State Wants Croydon Officials to Recoup July Tuition Payment

Valley News Staff Writer
Published: 9/7/2016 12:22:37 AM
Modified: 9/8/2016 5:08:52 PM

Newport — State officials have asked a Superior Court judge to hold the Croydon School Board in contempt of court for using tax money to pay children’s private school tuition in the face of an order barring the practice.

Six children in Croydon are set to attend the private Newport Montessori School, with the first half of their 2016-17 year’s tuition — about $24,000 — paid for by the town, despite a July court decision that forbade the board from sending students to private institutions with public funds.

Croydon sent a check in late July, four days before Superior Court Judge Brian Tucker issued a permanent injunction against the payments. Now, state officials are concerned the children will spend another year in private school on the public’s dime.

“Your honor, this is ridiculous,” Associate Attorney General Anne Edwards told Tucker during a hearing on Tuesday afternoon in Sullivan County Superior Court in Newport. “This situation has been completely caused by the Croydon School Board.”

Although Croydon sent its payment on July 25, before the July 29 ruling, the Newport Montessori School did not cash the check until Aug. 2, according to a stamp on a copy of the check submitted into court.

During the hearing, a fired-up Edwards argued that both the Montessori and the School Board had “unclean hands” and had made a “risky and careless move” by putting the children back in private school when a ruling had been imminent.

“They shouldn’t be there,” Edwards said of the students. “They are there unlawfully. The Croydon School Board has acted unlawfully.”

Attorneys for Croydon, however, say School Board members have no control over the matter. The newly created SAU 99, which serves the Croydon School District, asked for the money back after the ruling, but Christy Whipple, head of school at the Montessori, refused to refund it, the lawyers said.

Whipple did not attend Tuesday’s hearing, but Croydon’s counsel provided a copy of an email in which she declined to reimburse the district, saying the money already had been spent.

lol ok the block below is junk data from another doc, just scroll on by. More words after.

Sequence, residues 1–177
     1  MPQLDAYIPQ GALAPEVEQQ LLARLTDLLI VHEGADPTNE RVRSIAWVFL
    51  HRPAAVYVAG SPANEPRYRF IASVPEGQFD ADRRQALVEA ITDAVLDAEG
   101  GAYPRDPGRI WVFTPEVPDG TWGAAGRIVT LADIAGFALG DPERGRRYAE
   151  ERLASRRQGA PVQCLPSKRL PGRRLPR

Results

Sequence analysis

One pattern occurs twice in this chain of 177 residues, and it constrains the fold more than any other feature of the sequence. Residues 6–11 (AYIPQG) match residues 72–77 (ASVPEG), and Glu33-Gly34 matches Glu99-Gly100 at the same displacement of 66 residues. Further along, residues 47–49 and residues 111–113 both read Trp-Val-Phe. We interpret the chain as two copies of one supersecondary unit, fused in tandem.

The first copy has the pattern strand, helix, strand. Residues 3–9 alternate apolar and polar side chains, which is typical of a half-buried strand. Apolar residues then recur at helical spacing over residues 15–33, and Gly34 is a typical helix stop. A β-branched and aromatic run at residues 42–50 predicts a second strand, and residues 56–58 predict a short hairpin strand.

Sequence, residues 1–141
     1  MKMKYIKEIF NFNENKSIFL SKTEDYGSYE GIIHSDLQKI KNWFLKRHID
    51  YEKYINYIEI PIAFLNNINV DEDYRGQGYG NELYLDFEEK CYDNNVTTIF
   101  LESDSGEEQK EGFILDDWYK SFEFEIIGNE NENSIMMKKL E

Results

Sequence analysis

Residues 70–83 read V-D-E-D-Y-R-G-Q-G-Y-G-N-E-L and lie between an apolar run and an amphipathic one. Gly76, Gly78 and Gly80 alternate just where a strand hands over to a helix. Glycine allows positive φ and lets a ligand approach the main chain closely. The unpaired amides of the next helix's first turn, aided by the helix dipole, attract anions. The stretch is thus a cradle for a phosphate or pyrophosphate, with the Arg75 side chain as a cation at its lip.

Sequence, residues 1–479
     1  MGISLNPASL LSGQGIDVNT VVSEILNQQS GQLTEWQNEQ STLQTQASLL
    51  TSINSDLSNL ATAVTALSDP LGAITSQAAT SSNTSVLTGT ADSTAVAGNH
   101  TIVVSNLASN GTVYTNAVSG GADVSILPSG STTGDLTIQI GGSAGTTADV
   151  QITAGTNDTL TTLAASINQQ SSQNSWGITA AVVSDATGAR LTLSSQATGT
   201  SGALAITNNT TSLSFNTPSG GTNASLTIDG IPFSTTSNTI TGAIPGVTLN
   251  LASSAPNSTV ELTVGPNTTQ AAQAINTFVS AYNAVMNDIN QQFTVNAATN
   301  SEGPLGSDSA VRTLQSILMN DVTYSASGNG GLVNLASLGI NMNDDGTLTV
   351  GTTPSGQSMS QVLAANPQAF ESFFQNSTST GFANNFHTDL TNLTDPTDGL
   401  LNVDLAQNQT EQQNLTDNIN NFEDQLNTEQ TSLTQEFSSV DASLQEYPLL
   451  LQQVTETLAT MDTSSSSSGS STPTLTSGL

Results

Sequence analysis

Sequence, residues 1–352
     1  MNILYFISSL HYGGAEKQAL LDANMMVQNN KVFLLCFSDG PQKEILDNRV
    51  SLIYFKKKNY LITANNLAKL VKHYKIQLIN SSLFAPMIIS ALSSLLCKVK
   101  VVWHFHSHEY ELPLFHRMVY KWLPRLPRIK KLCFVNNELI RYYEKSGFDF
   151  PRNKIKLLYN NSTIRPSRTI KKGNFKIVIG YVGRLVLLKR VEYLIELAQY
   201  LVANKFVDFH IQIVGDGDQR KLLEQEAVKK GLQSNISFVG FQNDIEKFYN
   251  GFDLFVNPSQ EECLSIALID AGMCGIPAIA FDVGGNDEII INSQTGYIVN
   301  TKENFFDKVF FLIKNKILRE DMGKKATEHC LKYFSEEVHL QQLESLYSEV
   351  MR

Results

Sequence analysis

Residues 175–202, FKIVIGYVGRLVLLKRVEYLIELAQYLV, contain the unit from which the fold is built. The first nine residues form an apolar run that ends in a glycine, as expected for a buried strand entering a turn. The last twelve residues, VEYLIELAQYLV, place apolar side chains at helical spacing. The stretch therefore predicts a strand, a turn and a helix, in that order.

“Just because there was a potential (the board members) could lose the case, they’re supposed to pull the students out of private school?” asked Sean List, who along with former state Supreme Court Justice Chuck Douglas represents Croydon.

Furthermore, List argued, board members cannot prevent parents from making their own enrollment decisions with the Montessori.

Croydon’s own educational system only goes through fourth grade, after which its residents send children to schools in nearby towns.

At the hearing, List said he “took offense” to suggestions that he or board members had intended to defy the court.

“The Croydon School Board has complied in good faith with this court’s order, and we’re here trying to sort this out,” he said. “And generalized mudslinging isn’t solving anything.”

Edwards had a sharp exchange with School Board Chairwoman Angi Beaulieu, whose two children and nephew attend the school.

Edwards called the situation an example of “self-dealing,” and Beaulieu countered that she was “not the exception to the rule,” although she allowed that no other board members had children at the Montessori.

Before Beaulieu took the stand, Croydon’s new superintendent, Gregory Vogt, testified that he had sent the check in July because Whipple, the Montessori head of school, had been pressing him for money due in June.

“We were making the payment in good faith based on the fact that we had a bill,” he said.

Vogt said he joined the district in May after retiring in 2015 as superintendent in Plainfield. Croydon separated from SAU 43, which it shared with Newport, and became its own district, known as SAU 99, early this summer.

No decision came at Tuesday’s hearing, though Edwards asked Tucker to find the Croydon School Board in contempt of court.

She said Tucker should either order the Newport Montessori School to refund the money or force individual board members to repay it.

Tucker said the situation was a “difficult issue,” and said he would have to think about the officials’ request

He said the payment and his court decision had occurred close enough in time “so that one could infer there was something going on” to keep the children in private school.

The Croydon School Board, meanwhile, has appealed Tucker’s July decision to the New Hampshire Supreme Court.

Last month, Tucker denied a request from Croydon to stay his injunction while the higher court heard the case, saying the School Board’s arguments were not legally plausible.

“Many cases are close calls,” he wrote, “but I do not see this as one of them.”

Rob Wolfe can be reached at or 603-727-3242.


 A July 25 check from the Croydon School District to the private Newport Montessori School, sent just days before a July 29 court ruling that prohibited such payments, was deposited on Aug. 2, according to a bank receipt. An earlier version of this story gave an incorrect date for the deposit.

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